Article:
Conness is an inspiring peak, and the north ridge to west ridge link-up is a Sierra classic. It is also a good and popular solo: since the crux of each route is at the beginning, while most of the rest is 4th to easy 5th, you are unlikely to have to back down far if the route proves too difficult. I was intimidated by the north ridge’s 5.6 downclimb crux, but the pitch proved much easier than its grade, and I had one of my best climbing days since the Tetons. It was a perfect route for me at this point, challenging but not frightening.
I woke up at 5:30 near Saddlebag Lake, but it was awfully cold, so I slept on until 6:30. There was still frost on my windshield — both inside and out — so I drove up to the trailhead, then wrote yesterday’s post while waiting for the sun. I was intimidated enough by the route to bring my rock shoes, but not enough to bring a rope; if the downclimb on the north ridge proved too difficult, I would just give up and come back when I was a better climber.
I took my time on the approach, meandering along Saddlebag Lake before climbing past Greenrock Lake and the Conness Lakes, where I got my first view of Conness and its glacier. The use trail comes and goes, and I followed it where I could. Partway up the sand-slope to the Conness-North saddle, I found a ptarmigan and her teenage chicks on the trail. Mindful of my previous experience, I gave her a wide berth, but she did not seem inclined to violence.
From the saddle you can clearly see the whole route (though you stay on the west side of the ridge), including both towers. On the way to the first tower, I passed two older women simul-climbing the fast 3rd class terrain. It seemed pretty pointless, since the route was not that exposed, a fall by either would still hurt a lot, and dealing with the protection and rope slowed them down a lot; to each her own, I suppose.
Other than a couple of long moves to the left, the first tower was easy, and I was soon on my way up the second, following a dirt-and-rock ledge on the left, then returning to the crest near the end. Despite what I had read, none of the climbing was harder than 3rd or easy 4th to this point. I wasted some time circling around the right side of the second tower, before returning to the first rap station. I had expected something gnarly and vertical, but instead there were some big, easy 5th class blocks to the left leading down to a notch. Below the notch, I tried some diagonal cracks along the ridge, then retreated, downclimbed a short chimney, and crossed to the main summit pinnacle on some lower cracks.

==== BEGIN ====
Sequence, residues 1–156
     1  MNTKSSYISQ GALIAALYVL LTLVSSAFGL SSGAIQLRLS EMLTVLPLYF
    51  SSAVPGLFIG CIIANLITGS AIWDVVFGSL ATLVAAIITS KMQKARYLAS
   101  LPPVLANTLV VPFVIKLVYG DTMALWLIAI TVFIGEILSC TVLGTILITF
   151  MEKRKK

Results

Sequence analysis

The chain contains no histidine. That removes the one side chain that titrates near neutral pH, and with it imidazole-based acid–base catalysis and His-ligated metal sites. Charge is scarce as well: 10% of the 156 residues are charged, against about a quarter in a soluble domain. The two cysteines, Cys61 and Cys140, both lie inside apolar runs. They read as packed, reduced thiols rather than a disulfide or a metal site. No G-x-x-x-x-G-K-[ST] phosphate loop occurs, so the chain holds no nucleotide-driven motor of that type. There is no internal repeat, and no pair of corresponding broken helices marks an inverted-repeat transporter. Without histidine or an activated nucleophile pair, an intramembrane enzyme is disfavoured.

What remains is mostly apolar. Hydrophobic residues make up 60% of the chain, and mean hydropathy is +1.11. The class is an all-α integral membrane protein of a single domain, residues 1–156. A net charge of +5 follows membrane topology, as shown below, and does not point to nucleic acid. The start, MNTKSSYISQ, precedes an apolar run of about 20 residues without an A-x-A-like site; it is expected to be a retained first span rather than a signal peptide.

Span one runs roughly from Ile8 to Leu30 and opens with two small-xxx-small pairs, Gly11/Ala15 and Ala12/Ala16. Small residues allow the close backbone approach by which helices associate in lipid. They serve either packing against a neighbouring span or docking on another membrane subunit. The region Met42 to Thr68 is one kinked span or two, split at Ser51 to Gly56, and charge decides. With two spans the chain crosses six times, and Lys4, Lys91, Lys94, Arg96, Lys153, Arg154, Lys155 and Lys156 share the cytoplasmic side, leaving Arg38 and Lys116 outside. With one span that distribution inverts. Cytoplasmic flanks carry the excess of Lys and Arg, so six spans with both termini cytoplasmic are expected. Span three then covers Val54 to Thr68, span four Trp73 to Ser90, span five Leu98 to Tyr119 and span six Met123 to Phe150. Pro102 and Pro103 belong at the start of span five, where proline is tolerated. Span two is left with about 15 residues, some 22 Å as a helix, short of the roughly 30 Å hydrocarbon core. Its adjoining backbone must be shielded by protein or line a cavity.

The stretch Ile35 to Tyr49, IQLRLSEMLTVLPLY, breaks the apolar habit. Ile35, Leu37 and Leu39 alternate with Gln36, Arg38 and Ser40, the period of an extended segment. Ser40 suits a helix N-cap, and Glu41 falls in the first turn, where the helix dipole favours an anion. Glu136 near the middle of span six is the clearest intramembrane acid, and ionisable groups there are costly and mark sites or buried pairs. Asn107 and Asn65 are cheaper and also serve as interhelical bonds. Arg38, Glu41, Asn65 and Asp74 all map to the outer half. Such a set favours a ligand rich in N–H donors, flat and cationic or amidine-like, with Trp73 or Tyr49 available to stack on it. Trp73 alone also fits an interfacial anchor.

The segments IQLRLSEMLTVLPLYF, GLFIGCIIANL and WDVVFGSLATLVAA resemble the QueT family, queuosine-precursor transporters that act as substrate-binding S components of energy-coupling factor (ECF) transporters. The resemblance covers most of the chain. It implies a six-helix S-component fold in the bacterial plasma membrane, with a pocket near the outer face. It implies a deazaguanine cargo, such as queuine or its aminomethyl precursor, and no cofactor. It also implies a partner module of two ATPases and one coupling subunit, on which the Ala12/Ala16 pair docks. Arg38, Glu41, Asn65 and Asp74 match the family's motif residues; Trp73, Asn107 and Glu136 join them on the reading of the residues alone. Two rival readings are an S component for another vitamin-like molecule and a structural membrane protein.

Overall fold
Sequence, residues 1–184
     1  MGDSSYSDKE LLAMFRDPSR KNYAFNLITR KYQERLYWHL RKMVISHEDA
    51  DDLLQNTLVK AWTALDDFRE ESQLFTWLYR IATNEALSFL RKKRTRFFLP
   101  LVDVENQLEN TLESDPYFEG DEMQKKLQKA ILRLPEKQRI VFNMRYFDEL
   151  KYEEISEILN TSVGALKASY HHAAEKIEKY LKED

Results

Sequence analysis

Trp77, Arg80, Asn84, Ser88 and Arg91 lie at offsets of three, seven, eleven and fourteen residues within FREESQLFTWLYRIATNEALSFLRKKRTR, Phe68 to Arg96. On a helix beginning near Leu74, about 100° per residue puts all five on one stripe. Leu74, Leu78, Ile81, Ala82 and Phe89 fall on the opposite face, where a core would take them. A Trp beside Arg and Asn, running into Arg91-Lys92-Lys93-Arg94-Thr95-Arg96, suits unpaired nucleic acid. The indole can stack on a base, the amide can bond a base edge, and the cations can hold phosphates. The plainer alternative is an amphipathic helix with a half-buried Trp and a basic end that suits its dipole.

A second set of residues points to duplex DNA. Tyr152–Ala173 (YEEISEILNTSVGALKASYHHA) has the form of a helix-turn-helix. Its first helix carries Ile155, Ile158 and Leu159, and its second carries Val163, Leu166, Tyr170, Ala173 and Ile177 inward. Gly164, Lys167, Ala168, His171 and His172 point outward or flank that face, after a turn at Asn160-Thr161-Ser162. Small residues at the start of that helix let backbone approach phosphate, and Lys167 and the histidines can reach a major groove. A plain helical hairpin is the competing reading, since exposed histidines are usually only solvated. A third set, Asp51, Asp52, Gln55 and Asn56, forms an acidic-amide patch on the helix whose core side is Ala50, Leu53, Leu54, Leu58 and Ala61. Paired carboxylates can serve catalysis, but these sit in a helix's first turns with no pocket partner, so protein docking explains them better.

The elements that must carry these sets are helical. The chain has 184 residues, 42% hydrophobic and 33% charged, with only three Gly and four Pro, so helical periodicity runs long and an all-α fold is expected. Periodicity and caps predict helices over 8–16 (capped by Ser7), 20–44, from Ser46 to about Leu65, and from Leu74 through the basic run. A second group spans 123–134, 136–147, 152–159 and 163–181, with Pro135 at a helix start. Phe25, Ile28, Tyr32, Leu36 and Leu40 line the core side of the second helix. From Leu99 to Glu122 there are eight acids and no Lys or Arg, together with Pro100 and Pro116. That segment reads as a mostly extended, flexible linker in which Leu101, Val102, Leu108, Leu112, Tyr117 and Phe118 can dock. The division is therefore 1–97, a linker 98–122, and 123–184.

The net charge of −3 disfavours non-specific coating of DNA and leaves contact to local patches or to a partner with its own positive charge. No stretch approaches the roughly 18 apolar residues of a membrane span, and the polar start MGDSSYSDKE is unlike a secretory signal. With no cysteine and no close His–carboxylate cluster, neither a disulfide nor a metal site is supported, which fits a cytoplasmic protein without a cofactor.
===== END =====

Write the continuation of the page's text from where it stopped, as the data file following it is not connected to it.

The climbing from this point was all 4th or easy 5th until some blocks with short, unpleasant-looking chimneys between them. After exploring the chimneys and the surrounding rock, I spied a narrow ledge on the precipitous left side of the ridge and remembered a photo I had seen on SummitPost; I backtracked a bit, and got around the difficulty on the easy, improbable, airy ledge. From there it was straightforward climbing to the summit, which I had to myself.
I started down the class 2 route, then turned south and looked down the chutes to the west for a way to the base of the west ridge. After venturing down one that cliffed out, I found the obvious correct one, and soon reached the base of the west ridge passing the impressive southwest face.
The first pitches looked tough enough that I stopped to put on my rock shoes. I enjoyed the increased precision and grip, but my feet, swollen from half a day’s hiking, were crushed and uncomfortable. The crux was consistently hard but fun, with ample cracks, flakes, and knobs. As soon as I popped out on the edge of the southwest face, I stopped for a few minutes to put on my trail runners, then promptly slipped on a harmless slab; sticky rubber really does make a difference.
The climb from here was mostly a long cruise, either along the ridge or in a gully to its left. Surprisingly, the ridge itself may have been easier, with a sharp edge perfect for hand-traversing. I probably could have moved faster with rock shoes, but it would not have been worth the foot pain.
This time, I reached the summit to find three unfamiliar people. One thought he had done the north ridge to west ridge link-up, but he was confused, and had in fact climbed the east ridge first. He said it was unpleasant, so after talking with some other people on the summit, I headed down the tourist route to Sawmill Campground. I found another patchy use trail, which eventually turned into a road near the campground. The campground is unfortunately several hundred feet below the lake, so I had a grinding uphill shortcut to my car. Still, with two awesome ridges in under 9 hours it was a good day.